Records of history sometimes get jumbled up. Some details from these records might have also gotten lost in translation and some might have even been literally lost. Considering that the yakudoshi has been passed on from generation to generation for about 1200 years now, you shouldn’t be surprised to find different documents that state different unlucky years. For example, the Irohaijirushou which is the document that dates back to the Heian period that states that the unlucky years are 13, 25, 37, 49, 61, 73, 85, and 97, is different from the Shuugaishouo of the Kamakura period which states that the unlucky years are 13, 25, 37, 49, 61, 73, and 99. These two won’t be the only documents about this because, in the 16th century, the Kanei stated that the yakudoshi years were supposedly 13, 25, 37, 49, 61, 85, and 99. Soon after this, the teachings from Buddhism would also contribute a document which states that the unlucky years were 7, 13, 33, 37, 42, 49, 52, 61, 73, 85, 97, and 105.

The thing would become a little more complex because the yakudoshi for men and for women differ during certain years. The earlier documents state that the ages of 25, 42, and 61 are unlucky for men while the ages of 19, 33, and 37 are the unlucky years for the women. These years also carry different degrees of bad luck and this can be seen with how the concept of yakudoshi sees the age of 42 for men to be the most unlucky of all yakudoshi while the age of 33 for women is their unluckiest year of all their yakudoshi. For those who do not know, the term "yaku" in Japanese means hardship due to illness and unluckiness. With this being said, you won’t just be worried about the bad luck causing you to lose a bet with a friend because you will also have to look out for freak accidents that may cause your physical and mental health to suffer.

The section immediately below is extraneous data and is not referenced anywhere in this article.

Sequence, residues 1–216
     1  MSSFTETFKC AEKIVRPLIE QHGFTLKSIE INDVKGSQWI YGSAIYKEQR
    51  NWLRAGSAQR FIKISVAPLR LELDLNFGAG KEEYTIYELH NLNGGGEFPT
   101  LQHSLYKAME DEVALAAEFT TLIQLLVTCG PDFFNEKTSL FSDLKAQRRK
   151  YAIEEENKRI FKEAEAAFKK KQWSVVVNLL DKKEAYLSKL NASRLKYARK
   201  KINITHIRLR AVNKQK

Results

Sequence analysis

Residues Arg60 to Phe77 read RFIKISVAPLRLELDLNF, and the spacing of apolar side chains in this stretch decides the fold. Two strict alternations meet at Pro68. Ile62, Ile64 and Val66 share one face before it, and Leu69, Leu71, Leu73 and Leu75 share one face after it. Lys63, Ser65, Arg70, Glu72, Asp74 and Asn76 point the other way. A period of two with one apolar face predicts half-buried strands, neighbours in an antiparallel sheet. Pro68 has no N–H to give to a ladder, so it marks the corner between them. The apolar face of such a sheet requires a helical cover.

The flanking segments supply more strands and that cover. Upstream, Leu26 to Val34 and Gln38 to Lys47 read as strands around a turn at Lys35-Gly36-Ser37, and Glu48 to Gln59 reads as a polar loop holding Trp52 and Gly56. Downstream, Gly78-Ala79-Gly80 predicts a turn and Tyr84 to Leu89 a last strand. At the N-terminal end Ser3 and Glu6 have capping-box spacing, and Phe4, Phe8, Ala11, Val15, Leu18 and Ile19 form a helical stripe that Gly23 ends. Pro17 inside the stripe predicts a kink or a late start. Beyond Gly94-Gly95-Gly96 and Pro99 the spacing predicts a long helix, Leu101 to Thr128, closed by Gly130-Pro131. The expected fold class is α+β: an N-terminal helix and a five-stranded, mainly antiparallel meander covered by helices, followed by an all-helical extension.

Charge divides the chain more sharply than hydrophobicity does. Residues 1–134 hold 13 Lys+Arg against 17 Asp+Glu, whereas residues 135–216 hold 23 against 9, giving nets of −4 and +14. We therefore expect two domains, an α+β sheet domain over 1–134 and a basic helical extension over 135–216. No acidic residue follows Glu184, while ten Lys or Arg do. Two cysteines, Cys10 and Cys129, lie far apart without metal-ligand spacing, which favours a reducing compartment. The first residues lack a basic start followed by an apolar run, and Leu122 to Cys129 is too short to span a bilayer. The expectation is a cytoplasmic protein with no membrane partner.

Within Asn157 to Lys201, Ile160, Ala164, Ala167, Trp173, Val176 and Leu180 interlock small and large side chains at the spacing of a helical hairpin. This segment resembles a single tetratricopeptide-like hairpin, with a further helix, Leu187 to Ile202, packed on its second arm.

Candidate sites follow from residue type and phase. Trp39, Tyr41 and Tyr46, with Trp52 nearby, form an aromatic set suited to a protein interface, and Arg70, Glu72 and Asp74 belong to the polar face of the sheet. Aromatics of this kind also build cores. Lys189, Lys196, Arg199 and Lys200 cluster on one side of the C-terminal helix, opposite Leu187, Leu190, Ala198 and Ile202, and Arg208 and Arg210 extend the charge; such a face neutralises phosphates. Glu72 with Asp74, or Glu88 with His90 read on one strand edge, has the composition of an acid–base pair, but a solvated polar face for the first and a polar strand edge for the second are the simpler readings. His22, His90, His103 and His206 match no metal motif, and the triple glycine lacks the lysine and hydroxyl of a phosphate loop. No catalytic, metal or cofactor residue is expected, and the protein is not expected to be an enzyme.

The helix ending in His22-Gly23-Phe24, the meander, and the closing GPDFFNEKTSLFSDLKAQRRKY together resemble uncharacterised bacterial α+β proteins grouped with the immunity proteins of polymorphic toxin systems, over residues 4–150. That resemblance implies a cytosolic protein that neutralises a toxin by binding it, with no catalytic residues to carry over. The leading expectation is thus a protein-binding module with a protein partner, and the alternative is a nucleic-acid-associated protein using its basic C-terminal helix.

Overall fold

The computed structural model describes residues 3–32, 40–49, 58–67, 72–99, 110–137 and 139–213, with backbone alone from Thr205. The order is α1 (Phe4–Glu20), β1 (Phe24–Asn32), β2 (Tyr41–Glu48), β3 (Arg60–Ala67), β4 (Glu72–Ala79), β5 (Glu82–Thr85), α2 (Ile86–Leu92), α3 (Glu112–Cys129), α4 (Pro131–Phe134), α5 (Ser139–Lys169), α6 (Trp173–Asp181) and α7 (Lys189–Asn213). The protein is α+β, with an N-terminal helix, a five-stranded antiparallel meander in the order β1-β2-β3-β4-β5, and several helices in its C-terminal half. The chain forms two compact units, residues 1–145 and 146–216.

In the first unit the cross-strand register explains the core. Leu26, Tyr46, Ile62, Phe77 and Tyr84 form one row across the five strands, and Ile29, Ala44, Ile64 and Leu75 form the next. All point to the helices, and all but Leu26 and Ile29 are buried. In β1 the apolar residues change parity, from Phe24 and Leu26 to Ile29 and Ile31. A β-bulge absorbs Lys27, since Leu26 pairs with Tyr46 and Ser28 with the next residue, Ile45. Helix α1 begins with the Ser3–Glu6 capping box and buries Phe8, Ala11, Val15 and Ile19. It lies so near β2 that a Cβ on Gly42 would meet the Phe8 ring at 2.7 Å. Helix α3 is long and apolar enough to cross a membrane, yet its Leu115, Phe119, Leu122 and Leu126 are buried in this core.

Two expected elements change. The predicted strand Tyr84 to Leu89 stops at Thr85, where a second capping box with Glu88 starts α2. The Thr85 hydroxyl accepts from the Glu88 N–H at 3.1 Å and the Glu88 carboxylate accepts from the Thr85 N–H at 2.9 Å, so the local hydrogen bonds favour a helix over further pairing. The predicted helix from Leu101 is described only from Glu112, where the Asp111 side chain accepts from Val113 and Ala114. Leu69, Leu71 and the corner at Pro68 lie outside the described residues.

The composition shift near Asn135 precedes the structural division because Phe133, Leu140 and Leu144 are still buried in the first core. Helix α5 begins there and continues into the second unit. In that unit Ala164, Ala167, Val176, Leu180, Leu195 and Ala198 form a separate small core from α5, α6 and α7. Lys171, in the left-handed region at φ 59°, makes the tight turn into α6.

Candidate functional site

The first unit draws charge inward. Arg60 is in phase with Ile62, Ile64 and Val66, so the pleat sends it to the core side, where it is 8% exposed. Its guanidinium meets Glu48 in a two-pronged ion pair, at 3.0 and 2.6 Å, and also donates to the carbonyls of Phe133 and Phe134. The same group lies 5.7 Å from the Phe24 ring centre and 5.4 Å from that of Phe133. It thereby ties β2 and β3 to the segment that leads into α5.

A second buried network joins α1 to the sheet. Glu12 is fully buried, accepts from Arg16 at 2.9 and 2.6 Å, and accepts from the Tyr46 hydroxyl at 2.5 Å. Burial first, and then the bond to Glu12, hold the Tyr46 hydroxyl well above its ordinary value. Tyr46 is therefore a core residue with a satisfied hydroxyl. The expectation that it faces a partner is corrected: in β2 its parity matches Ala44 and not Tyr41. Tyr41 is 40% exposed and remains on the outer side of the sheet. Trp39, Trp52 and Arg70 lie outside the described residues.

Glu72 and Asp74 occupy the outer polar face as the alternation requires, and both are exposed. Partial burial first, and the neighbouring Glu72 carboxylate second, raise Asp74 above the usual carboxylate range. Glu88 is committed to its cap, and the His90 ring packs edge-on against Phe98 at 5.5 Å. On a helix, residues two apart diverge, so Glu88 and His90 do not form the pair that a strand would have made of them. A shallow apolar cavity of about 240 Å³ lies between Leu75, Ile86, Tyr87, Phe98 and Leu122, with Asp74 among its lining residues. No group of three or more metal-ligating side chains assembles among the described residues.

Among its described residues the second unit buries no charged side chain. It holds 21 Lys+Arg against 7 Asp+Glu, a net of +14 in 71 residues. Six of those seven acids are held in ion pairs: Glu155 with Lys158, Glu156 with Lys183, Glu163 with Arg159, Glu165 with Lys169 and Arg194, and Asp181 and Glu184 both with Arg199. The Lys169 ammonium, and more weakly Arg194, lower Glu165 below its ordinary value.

The Life-saving Yakubarai Ceremony and Festa

By mrvacbob (Flickr) [CC BY-SA 2.0 (https://creativecommons.org/licenses/by-sa/2.0)], via Wikimedia Commons